Because the House changed the bill a bit from the Senate version, it will have to go back there for another vote before heading to the desk of Gov. Roy Cooper, a Democrat.
During the debate over the bill, Rep. Abe Jones compared voting to the third rail of a subway system: Messing with it can be dangerous.
Elections were so free and fair in 2020, he pointed out, that Donald Trump lost more than 100 lawsuits complaining of fraud.
Jones said he didn’t understand the sudden rush to change an elections system that has worked pretty well so far.
“What’s the hurry?,” he said. “We’re fooling with the third rail. Why?”
Cooper vetoed SB 747 and is likely to veto this bill, too, but Republicans have the votes to override the governor’s veto actions.
“SB 749 is an unnecessary and misleading bill that is opposed by many North Carolinians, including the last five governors of both parties who have opposed similar, even less-far reaching legislation,” Ann Webb, policy director at Common Cause NC, said at a news conference this month.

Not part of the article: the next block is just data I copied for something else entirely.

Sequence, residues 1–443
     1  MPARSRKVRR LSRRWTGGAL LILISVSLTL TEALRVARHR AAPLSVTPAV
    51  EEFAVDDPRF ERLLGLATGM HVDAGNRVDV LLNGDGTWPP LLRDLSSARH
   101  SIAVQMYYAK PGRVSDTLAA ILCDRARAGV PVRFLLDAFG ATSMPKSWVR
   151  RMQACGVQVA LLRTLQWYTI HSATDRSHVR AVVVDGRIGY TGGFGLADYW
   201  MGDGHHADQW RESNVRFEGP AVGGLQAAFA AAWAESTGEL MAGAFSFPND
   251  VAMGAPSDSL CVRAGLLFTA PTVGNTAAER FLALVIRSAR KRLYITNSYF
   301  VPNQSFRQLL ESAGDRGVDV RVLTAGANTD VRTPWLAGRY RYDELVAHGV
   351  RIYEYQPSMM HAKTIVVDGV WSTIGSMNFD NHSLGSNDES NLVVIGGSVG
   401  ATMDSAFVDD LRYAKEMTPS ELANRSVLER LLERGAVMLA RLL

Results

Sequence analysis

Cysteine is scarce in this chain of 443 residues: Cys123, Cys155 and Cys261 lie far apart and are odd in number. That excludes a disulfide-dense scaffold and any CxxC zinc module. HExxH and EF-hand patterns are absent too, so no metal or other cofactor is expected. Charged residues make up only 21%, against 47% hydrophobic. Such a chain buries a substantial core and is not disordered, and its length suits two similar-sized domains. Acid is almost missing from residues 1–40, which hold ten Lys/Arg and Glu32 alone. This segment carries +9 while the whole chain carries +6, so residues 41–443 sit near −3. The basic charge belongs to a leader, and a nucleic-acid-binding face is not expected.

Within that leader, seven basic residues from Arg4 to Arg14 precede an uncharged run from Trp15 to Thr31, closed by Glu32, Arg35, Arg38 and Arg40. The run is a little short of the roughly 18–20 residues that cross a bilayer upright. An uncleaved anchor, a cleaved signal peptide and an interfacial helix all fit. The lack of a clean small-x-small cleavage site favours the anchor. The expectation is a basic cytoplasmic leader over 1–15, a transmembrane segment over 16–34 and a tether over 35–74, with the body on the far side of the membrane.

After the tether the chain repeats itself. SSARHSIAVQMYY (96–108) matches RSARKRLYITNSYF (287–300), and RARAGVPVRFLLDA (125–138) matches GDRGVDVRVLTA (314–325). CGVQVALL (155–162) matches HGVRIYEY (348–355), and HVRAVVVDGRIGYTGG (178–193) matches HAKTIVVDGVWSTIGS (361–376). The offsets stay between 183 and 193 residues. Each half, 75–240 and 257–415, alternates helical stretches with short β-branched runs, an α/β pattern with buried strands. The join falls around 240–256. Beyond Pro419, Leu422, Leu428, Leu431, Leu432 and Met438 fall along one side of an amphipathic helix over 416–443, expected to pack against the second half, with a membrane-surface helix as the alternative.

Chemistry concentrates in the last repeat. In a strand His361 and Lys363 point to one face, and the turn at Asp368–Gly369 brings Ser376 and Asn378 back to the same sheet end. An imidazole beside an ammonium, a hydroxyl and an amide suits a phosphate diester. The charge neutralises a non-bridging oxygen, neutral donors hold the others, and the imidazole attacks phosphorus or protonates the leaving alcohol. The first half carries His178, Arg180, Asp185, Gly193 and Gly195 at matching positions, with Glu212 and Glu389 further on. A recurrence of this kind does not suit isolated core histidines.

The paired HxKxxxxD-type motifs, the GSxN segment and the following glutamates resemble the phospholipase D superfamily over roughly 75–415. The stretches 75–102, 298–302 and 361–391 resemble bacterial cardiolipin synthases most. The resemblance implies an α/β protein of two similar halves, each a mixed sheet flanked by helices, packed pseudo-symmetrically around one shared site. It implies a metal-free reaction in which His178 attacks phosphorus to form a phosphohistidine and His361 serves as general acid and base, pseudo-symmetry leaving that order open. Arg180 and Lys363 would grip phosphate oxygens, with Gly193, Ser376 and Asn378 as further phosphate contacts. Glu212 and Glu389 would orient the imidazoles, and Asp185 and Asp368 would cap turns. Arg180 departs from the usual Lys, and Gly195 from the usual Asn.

“Instead of the current clear path to making a decision,” she said, “deadlock is inevitable.”
A Threat to Easy Early Voting
While the state and county boards make all sorts of important decisions that would be severely disrupted by gridlock, the two biggest consequences could have to do with early voting and the certification of the elections themselves.
Early voting is the most popular voting method in the state. More than 3.6 million people cast their ballots during the early voting period in 2020, and more than 2 million people did so in 2022. That was more than the number of voters who voted on Election Day in either year.
Republicans, who have been trying to limit early voting for years, have created a backdoor way to restrict it in SB 749.
County boards decide the number of early voting sites. Under SB 749, if a given county can’t agree on the number, it would default to one. One site may be fine in smaller counties, but early voting is the most widely used form of voting in North Carolina, and one site would mean chaos in larger counties like Wake and Mecklenburg.
“I just want you to imagine Mecklenburg County for example,” Webb said in September. “Mecklenburg County had more than 350,000 people use early voting in the 2020 elections. They have one county board of elections office with by my estimate less than 50 parking spots. How would that work? What would that look like in an election like the 2024 presidential election? It would be a disaster.”